Phil Sheridan | A fact of sports life: Soul are a hard sell

Posted: June 22, 2007

With a little help, there could actually be a 2007 playoff game in the poor, neglected Wachovia Center.

If you're not feeling that the Soul can atone for the 76ers and Flyers, well, that's kind of the way things are. An arena has a ceiling, and the local Arena Football League team seems to have bumped up against it.

On the drive to the game yesterday, there was radio silence about the Soul's regular-season finale against the Orlando Predators. No one seemed to know or care that wide receiver T.T. Toliver - the Arena League's answer to T.O., kicked off Tampa Bay only to sign with Orlando - would be in town.

There were lines of fans waiting for the doors to open. But, the announced attendance of 17,643 notwithstanding, at least half the seats were empty.

This isn't meant as a criticism. There isn't much the Soul could have done differently or better to capture the hearts of sports fans here. The franchise still has the sparkle of co-owner Jon Bon Jovi and the credibility that comes with Ron Jaworski's affiliation. A game is still a nice value for a family outing, especially compared with the ever-rising prices charged by the four major sports.

It's not a bad niche to fill, but that's what it is. A niche.

This was as good a chance as the Soul had ever had to gain serious ground in this market. The Flyers and Sixers not only failed to make the playoffs, leaving a giant void, but they both traded away their best players during the season. NHL and NBA TV ratings are down, and most of the playoff talk was about how boring the tournaments were.

The Soul began their season on March 9, perfect timing for filling that void. They started 4-0; then, two games later, quarterback Tony Graziani got hurt. The team went through its version of the Mike McMahon era until Graziani came back. With last night's win, the Soul got back to 8-8, with a chance to host a playoff game.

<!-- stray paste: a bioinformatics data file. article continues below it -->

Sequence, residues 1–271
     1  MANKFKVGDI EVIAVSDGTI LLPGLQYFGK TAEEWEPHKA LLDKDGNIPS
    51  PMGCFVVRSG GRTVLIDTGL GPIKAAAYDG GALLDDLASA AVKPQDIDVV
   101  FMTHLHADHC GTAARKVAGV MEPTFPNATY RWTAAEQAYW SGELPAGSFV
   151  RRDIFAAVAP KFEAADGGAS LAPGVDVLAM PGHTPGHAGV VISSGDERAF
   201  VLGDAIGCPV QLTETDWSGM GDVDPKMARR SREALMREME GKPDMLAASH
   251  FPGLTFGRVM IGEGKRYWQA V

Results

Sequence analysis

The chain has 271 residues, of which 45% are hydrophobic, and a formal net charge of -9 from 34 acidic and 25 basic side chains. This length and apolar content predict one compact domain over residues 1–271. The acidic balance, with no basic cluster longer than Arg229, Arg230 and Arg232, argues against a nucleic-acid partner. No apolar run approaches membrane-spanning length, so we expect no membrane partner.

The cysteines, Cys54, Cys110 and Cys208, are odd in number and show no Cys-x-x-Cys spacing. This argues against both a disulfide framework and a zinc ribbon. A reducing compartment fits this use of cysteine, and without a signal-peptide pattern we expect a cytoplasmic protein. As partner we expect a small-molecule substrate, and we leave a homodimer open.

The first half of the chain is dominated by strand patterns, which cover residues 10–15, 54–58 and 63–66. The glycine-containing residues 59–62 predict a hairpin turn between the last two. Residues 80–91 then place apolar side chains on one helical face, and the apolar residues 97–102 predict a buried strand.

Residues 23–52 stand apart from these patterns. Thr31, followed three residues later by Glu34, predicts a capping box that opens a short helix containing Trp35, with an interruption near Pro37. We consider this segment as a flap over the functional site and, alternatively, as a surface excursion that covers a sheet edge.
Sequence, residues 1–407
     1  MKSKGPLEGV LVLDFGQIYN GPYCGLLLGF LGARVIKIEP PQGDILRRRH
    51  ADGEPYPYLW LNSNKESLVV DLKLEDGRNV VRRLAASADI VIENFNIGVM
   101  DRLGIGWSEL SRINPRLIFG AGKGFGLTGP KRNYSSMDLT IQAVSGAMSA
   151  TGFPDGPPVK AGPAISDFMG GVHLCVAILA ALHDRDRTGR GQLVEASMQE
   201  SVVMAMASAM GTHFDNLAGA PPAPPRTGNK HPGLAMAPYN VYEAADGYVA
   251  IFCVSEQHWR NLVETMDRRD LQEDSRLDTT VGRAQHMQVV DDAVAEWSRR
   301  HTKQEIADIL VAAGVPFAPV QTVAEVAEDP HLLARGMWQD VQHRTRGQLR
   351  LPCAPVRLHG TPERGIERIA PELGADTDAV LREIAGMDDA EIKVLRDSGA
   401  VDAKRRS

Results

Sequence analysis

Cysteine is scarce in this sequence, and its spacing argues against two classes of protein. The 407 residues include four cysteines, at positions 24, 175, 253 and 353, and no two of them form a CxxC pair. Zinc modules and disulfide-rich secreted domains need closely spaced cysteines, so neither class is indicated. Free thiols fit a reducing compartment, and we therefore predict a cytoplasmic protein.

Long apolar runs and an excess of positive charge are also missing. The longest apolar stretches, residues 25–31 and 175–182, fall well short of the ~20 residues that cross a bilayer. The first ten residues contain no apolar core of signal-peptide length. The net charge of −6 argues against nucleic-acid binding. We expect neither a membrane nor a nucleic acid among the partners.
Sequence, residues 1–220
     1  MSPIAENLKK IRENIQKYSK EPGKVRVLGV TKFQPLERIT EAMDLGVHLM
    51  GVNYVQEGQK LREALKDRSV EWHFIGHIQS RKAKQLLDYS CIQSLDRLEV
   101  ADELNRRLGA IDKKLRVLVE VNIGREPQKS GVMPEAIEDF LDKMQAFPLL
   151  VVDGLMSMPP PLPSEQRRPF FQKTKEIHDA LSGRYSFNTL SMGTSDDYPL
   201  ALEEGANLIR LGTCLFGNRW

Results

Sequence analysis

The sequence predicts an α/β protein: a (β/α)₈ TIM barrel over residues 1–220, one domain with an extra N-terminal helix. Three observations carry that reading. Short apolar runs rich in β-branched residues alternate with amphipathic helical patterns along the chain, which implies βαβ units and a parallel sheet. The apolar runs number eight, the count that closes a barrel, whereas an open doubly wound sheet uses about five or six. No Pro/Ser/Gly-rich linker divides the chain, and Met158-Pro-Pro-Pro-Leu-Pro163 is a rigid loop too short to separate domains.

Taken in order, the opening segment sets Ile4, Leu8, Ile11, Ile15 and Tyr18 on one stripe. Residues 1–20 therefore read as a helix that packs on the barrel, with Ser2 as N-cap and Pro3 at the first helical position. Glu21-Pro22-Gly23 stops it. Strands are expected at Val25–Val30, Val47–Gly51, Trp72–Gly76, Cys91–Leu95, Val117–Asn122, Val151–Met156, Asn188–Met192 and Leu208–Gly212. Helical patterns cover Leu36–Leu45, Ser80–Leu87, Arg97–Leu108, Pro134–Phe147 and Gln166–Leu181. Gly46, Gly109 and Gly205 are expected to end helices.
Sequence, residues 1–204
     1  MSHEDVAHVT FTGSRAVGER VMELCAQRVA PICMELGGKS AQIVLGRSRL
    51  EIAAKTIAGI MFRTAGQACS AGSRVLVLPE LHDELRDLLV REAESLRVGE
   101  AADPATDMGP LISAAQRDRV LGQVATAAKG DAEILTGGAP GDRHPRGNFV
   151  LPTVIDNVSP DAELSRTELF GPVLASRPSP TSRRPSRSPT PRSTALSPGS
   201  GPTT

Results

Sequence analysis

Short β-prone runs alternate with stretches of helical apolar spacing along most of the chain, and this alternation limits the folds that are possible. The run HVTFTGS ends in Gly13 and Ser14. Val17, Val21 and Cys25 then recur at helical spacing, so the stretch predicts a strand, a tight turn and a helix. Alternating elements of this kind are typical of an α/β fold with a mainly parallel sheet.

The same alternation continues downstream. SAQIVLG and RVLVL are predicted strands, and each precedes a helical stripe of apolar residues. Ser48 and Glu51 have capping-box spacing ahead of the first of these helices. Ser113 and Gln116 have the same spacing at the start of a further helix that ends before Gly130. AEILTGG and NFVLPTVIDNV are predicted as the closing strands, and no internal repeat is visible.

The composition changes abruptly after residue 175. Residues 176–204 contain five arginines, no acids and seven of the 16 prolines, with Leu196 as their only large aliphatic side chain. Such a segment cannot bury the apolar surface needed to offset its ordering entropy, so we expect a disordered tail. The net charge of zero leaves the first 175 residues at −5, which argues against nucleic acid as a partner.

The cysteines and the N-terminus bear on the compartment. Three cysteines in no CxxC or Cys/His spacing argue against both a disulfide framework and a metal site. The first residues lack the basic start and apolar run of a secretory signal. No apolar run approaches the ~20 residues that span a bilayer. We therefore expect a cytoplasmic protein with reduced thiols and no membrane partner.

That would be a first for the four-year-old Soul.

If the Arena League can't steal fans in this climate, then it's probably not going to happen. After four years of declining ratings on NBC, the AFL debuted on ESPN this year. According to the Nielsen ratings, the average AFL broadcast is seen by about 300,000 viewers this year, compared to 1.2 million last year.

So it's not the Soul. It may not even be the league. The reality is that, except for the all-powerful NFL, TV sports ratings are trending downward across the board.

Maybe the deeper message is that you can't force things on people. ESPN bought a share of the AFL, then used all of its "platforms" to expose its new toy. That meant more AFL highlights on SportsCenter, AFL games on ESPN Classic and, of course, games on ESPN2.

A few months after the AFL debuted, ESPN suddenly started treating mixed martial arts like a major sport. Does UFC build a fan base, draw the attention of the networks and mainstream publications like Sports Illustrated, and earn coverage organically? Or do a bunch of suits in a boardroom, desperate for fresh ways to attract eyeballs, decide to create an artificial buzz about something?

You suspect that the first way works, but that the second way is more common. Consider televised poker. It went from inexpensive time-filler to legitimate phenomenon, and this is coming from someone who would rather weed the backyard than watch people play cards on TV.

Actually, I'd rather watch people weed their backyards than play cards on TV. The point is, people know when something is being pushed on them and, like little kids forced to eat spinach, they resist.

Case in point: soccer.

Interest in a sport can't be faked or forced. It comes from the people, not from network execs.

When Bon Jovi and his group brought the Arena League to Philadelphia four years ago, the question was how many people would embrace the new team and new sport.

The answer is in: enough to fill a niche, but not to challenge the Flyers or Sixers.

Contact columnist Phil Sheridan

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